from The American Heritage® Dictionary of the English Language, 4th Edition

  • n. An earthenware vessel.
  • n. A broken piece of earthenware.
  • n. Slang Foolish talk; nonsense: That story is just a crock.
  • n. Soot.
  • transitive v. To soil with or as if with crock.
  • intransitive v. To give off soot or color.
  • n. One that is worn-out, decrepit, or impaired; a wreck.
  • intransitive v. To become weak or disabled. Often used with up.
  • transitive v. To disable; wreck. Often used with up.

from Wiktionary, Creative Commons Attribution/Share-Alike License

  • n. A stoneware or earthenware jar or storage container.
  • n. A piece of broken pottery, a shard.
  • n. A person who is physically limited by age, illness or injury.
  • n. An old or broken-down vehicle (and formerly a horse).
  • n. Silly talk, a foolish belief, a poor excuse, nonsense.
  • v. To break something or injure someone.
  • v. To transfer coloring through abrasion from one item to another.
  • v. To cover the drain holes of a planter with stones or similar material, in order to ensure proper drainage.
  • v. To store (butter, etc.) in a crock.

from the GNU version of the Collaborative International Dictionary of English

  • n. The loose black particles collected from combustion, as on pots and kettles, or in a chimney; soot; smut; also, coloring matter which rubs off from cloth.
  • n. A low stool.
  • n. Any piece of crockery, especially of coarse earthenware; an earthen pot or pitcher.
  • n. a person who is worn out with age or illness.
  • n. an old person who complains frequently about illness, especially imaginary ailments.
  • n. nonsense; balderdash; humbug; -- usually used in the phrase a crock.
  • intransitive v. To give off crock or smut.
  • transitive v. To soil by contact, as with soot, or with the coloring matter of badly dyed cloth.
  • transitive v. To lay up in a crock.

from The Century Dictionary and Cyclopedia

  • To lay up in a crock: as, to crock butter.
  • To black with soot or other matter collected from combustion; by extension, to soil in any similar way, particularly by contact with imperfectly dyed cloth: as, to crock one's hands.
  • To give off crock, smut, or color: as, stockings warranted not to crock.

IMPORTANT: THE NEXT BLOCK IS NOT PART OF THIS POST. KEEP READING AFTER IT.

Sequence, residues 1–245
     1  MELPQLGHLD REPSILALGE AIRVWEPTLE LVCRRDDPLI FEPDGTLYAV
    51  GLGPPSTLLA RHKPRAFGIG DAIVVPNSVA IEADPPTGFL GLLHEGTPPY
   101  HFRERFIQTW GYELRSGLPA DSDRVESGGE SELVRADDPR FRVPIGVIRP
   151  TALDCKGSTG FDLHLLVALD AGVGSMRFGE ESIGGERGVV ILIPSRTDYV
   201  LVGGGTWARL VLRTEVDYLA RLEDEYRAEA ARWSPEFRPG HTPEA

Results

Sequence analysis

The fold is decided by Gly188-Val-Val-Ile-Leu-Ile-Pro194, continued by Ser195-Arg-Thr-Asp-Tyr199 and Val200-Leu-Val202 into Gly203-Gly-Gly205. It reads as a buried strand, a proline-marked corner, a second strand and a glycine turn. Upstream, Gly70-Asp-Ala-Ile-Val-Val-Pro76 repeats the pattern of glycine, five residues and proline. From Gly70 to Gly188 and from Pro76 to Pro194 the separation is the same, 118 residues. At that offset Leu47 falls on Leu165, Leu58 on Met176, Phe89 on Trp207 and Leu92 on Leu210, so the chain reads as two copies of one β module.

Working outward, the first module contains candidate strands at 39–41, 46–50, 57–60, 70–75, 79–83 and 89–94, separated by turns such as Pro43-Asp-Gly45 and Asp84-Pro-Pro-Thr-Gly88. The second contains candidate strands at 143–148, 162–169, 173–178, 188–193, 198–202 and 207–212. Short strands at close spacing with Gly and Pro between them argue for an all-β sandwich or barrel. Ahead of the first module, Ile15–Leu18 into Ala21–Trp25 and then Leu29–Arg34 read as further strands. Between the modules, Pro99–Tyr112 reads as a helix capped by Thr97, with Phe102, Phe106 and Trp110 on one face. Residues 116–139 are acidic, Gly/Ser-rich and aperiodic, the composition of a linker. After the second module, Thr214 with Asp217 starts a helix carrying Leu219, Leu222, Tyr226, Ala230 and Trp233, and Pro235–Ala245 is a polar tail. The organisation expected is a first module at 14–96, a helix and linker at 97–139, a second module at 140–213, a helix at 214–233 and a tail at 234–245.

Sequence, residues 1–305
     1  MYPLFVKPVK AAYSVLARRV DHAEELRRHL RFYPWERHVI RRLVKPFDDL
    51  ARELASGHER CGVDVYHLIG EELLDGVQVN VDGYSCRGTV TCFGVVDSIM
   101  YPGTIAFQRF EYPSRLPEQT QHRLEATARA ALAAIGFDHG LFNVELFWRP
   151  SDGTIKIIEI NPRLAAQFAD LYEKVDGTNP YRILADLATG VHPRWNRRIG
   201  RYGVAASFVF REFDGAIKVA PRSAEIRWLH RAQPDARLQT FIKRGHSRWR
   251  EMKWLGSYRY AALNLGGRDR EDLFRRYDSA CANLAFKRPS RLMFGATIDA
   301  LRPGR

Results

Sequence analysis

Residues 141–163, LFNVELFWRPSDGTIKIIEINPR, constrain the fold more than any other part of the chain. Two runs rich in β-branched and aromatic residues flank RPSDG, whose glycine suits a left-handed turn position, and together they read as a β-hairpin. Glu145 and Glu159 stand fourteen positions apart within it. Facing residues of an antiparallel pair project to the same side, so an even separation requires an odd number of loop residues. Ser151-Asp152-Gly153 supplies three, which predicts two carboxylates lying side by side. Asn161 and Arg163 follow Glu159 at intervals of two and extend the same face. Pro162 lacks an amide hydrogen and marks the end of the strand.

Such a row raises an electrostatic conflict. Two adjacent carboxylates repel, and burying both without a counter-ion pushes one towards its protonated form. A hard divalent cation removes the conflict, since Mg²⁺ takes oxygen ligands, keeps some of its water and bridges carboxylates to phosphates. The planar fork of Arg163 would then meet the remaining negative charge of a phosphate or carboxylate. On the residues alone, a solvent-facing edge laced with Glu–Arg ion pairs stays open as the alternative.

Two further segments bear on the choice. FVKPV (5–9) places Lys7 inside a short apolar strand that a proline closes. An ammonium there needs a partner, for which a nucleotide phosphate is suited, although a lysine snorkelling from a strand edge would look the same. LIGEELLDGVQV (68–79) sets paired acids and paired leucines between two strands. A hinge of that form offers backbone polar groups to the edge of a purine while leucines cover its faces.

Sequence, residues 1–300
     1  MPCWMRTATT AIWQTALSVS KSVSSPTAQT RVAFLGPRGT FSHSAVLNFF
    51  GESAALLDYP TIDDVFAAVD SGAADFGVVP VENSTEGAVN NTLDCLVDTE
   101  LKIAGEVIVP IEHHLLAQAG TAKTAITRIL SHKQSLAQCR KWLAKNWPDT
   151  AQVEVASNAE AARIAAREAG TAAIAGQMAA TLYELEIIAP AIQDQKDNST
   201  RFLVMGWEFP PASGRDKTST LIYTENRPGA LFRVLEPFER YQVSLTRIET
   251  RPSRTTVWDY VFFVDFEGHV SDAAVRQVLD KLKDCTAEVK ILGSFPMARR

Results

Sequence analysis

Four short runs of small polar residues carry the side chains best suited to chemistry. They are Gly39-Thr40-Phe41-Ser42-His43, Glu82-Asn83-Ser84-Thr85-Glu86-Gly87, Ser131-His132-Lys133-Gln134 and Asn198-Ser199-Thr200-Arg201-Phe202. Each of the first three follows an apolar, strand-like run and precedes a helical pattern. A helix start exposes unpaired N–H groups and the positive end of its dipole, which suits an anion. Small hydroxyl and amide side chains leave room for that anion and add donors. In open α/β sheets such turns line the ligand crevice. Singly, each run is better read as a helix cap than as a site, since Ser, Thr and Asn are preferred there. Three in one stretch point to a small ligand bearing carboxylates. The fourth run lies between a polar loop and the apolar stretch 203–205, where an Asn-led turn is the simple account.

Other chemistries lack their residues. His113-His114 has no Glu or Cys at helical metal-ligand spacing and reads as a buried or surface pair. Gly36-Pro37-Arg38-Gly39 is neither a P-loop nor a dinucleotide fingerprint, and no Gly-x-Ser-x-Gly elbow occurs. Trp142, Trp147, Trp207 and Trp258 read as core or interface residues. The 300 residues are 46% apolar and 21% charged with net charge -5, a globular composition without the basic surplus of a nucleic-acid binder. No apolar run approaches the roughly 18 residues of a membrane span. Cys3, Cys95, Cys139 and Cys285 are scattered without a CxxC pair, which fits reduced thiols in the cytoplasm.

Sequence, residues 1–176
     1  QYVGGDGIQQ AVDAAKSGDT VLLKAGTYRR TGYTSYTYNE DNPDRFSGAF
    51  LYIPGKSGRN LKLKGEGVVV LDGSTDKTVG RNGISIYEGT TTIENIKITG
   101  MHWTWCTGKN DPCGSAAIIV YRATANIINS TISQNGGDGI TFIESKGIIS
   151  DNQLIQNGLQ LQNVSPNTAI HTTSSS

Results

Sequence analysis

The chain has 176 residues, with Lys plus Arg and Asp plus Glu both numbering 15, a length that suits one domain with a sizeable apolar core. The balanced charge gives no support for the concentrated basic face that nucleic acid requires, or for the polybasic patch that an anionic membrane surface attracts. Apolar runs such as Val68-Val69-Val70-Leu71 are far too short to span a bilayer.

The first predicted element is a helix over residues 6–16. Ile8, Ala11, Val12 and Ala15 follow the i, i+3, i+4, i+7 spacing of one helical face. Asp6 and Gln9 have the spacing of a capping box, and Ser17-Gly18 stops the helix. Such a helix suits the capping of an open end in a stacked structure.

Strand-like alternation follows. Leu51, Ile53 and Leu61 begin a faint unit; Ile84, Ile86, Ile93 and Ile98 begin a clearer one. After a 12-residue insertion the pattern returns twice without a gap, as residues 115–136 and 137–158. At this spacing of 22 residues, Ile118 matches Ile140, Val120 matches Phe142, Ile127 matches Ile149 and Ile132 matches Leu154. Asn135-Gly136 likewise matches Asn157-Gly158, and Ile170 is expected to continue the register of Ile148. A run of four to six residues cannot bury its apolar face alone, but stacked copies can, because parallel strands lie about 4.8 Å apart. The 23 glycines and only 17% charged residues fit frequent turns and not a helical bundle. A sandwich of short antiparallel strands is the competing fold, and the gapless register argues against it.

• To decrease; decay.
  • n. An earthen vessel; a pot or jar (properly earthen, but also sometimes of iron, brass, or other metal) used as a receptacle for meal, butter, milk, etc., or in cooking.
  • n. A fragment of earthenware; a potsherd, such as is used to cover the hole in the bottom of a flower-pot.
  • n. Soot, or the black matter collected from combustion on pots and kettles or in a chimney; smut in general, as from coloring matter in cloth.
  • n. A low seat; a stool.
  • n. A little curl of hair; in the plural, the under hair on the neck.
  • n. Same as crook, 7.
  • n. An old ewe.
  • n. In cricket, a worthless player.

from WordNet 3.0 Copyright 2006 by Princeton University. All rights reserved.

  • n. an earthen jar (made of baked clay)
  • n. a black colloidal substance consisting wholly or principally of amorphous carbon and used to make pigments and ink
  • n. nonsense; foolish talk
  • v. release color when rubbed, of badly dyed fabric
  • v. soil with or as with crock


from The American Heritage® Dictionary of the English Language, 4th Edition

Middle English crokke, from Old English crocc. Sense 2, short for crock of shit.
Origin unknown.
Earlier, old ewe that has ceased bearing; probably akin to Norwegian krake, sickly animal, and Middle Dutch kraecke, broken-down horse.

from Wiktionary, Creative Commons Attribution/Share-Alike License

From Middle English crokke, from Old English crocc, crocca ("crock, pot, vessel"), from Proto-Germanic *krukkō, *krukkô (“vessel”), from Proto-Indo-European *k(')rōug(')-, *k(')rōuk(')- (“vessel”). Cognate with Dutch kruik ("jar, jug"), German Krug ("jug"), Danish krukke ("jar"), Icelandic krukka ("pot, jar"), Old English crōg, crōh ("crock, pitcher, vessel"). See also cruse.



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  • Typical in a reply to a presidential address "What a CROCK!"

    January 25, 2007